When the German city of Nuremberg picked a non-white teen to play the role of Jesus at its famous Christmas market for the first time, many hailed it as a sign of progress.
Not Germany’s far-right AfD party. For the anti-immigration party, the choice of 17-year-old Benigna Munsi, whose father is of Indian descent, for the honorary role was another sign of impending “white genocide.”
“Nuremberg has a new Christ Child. One day, we’re going to go the way of the Indians,” read a Facebook post by the AfD’s local branch, comparing white Germans to Native Americans.
The comment has provoked a huge backlash from local and state politicians in Nuremberg, the second largest city in the southern German state of Bavaria. Speaking at a press conference Sunday, Nuremberg Mayor Ulrich Maly slammed the party for the “openly racist” remarks.
“You would laugh about it if you didn’t know these guys are serious, but you could cry about this level of misanthropy,” he said.
Markus Söder, the premier of the state of Bavaria, said his government would not tolerate the AfD’s “rabble-rousing” comments, while Bavarian Interior Minister Joachim Herrmann criticized the remarks as “the malicious grimace of racism.”
Dating back to 1530, Nuremberg’s Christmas market is one of the oldest and most famous in the world, drawing about 2 million visitors to the Bavarian city every winter. Each year, organizers choose a local young person for the role of the “Christ Child” — an honorary role that includes formally opening the market on Nov. 29, as well as performing ambassador duties at events in hospitals, schools, and nursing homes throughout the season.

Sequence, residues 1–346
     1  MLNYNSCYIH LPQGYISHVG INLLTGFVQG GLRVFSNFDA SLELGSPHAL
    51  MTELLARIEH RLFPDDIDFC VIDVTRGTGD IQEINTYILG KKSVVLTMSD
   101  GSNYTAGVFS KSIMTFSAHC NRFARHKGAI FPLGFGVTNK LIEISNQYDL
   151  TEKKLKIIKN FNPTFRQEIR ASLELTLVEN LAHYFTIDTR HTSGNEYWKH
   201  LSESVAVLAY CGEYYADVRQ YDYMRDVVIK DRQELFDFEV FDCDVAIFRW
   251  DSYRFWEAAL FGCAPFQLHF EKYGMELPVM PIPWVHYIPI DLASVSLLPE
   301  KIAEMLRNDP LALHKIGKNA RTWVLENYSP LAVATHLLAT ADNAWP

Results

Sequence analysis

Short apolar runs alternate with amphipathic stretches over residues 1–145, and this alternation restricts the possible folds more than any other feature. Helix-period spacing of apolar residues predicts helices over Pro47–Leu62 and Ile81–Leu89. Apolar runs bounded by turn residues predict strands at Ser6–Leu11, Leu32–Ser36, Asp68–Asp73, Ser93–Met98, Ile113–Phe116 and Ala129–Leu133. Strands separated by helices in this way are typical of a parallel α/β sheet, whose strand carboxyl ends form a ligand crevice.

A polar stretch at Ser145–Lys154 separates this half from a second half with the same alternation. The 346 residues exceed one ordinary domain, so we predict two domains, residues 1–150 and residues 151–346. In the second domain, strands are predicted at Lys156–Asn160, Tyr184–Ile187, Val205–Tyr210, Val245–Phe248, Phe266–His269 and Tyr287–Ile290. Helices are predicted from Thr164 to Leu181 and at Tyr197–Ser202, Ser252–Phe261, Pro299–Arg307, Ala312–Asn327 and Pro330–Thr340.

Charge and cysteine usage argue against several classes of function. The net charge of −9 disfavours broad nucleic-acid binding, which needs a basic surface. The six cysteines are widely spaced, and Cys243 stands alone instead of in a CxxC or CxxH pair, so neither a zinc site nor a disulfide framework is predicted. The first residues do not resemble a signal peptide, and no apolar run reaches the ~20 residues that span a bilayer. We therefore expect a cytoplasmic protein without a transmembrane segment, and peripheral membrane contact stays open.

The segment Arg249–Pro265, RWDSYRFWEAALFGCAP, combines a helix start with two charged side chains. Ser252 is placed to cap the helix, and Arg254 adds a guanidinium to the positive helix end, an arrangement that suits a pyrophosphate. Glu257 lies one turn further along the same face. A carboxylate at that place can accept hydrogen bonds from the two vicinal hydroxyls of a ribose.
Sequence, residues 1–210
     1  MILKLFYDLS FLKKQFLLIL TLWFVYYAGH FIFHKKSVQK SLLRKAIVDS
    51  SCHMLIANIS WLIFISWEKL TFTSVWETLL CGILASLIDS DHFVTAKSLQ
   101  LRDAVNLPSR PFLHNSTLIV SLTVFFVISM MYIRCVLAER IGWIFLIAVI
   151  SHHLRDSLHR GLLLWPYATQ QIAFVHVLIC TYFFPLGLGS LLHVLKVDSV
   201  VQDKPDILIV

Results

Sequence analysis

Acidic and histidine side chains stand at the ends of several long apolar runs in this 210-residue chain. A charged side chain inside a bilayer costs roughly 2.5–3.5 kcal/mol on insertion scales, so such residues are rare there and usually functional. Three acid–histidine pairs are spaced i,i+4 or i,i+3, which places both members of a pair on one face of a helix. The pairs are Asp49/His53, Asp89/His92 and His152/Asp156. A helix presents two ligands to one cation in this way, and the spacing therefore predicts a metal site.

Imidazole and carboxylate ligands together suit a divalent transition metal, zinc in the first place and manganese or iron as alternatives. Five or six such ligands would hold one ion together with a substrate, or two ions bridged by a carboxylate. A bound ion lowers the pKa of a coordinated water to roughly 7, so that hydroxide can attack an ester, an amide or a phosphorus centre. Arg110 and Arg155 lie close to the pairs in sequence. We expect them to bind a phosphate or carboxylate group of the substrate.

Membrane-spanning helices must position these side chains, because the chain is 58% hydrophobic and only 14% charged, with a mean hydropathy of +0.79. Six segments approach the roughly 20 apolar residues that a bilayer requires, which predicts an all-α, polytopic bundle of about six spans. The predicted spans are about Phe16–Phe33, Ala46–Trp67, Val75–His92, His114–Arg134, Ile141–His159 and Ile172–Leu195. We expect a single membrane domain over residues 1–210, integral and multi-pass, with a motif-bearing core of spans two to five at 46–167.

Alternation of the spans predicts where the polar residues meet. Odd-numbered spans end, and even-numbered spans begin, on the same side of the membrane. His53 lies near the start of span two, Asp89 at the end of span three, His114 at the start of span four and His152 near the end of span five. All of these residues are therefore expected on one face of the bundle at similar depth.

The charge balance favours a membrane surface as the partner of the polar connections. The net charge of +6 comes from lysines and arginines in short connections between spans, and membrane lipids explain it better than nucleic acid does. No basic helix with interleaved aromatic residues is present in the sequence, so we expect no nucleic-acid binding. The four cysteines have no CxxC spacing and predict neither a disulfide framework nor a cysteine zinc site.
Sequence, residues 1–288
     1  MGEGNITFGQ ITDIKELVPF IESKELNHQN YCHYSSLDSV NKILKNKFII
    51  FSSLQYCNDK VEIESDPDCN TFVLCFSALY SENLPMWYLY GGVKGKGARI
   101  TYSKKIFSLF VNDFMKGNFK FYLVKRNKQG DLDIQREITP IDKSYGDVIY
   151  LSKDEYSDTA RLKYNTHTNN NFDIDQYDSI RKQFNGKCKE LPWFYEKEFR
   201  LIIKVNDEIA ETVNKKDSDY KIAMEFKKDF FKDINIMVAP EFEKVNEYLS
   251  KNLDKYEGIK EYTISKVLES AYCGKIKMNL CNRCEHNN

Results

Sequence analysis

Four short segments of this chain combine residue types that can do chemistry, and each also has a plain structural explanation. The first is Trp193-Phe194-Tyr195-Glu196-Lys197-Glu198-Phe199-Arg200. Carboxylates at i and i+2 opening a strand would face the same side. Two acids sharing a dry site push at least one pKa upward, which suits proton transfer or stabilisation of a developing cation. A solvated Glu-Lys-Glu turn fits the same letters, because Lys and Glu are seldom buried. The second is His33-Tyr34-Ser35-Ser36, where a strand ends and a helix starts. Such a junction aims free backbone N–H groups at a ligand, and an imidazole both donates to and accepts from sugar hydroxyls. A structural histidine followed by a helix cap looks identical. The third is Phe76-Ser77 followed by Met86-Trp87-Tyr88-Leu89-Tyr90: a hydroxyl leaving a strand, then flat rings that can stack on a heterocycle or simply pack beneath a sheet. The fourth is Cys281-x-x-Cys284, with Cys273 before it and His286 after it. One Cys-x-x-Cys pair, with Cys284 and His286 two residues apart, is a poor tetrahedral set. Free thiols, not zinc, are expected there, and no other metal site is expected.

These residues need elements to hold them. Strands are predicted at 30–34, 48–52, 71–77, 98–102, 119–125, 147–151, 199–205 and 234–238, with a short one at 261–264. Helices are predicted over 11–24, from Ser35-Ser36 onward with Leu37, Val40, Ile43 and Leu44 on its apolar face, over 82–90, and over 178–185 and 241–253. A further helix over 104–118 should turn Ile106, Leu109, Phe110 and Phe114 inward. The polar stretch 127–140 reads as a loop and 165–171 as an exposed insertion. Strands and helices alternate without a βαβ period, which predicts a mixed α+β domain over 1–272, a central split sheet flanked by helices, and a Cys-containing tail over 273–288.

Faced with a growing backlash, the local branch of the AfD has attempted to distance itself from the remarks, which it blamed on a social media editor. Christina Specht, the party’s local head, said the comment did not reflect the party’s values and that the social media editor who’d posted the comment on the group’s Facebook page had since resigned.
The offending comments have been deleted from the Facebook page and replaced with a post congratulating Munsi.
Munsi, a local high school student, told reporters Sunday she was buoyed by the outpouring of support she had received in response to the AfD’s racism.
“I am surprised by the positive responses I have received,” she said. “They say, ‘Cheer up, not all people are so negative — we’re behind you.’ I was very happy about that.”
Founded in 2013, the right-wing populist AfD party surged in popularity following Chancellor Angela Merkel’s decision to open Germany’s doors to about a million asylum-seekers at the height of Europe’s migration crisis in 2015. Two years later, it won 12.7 percent of the vote in national elections, becoming the third-largest party in the federal parliament.
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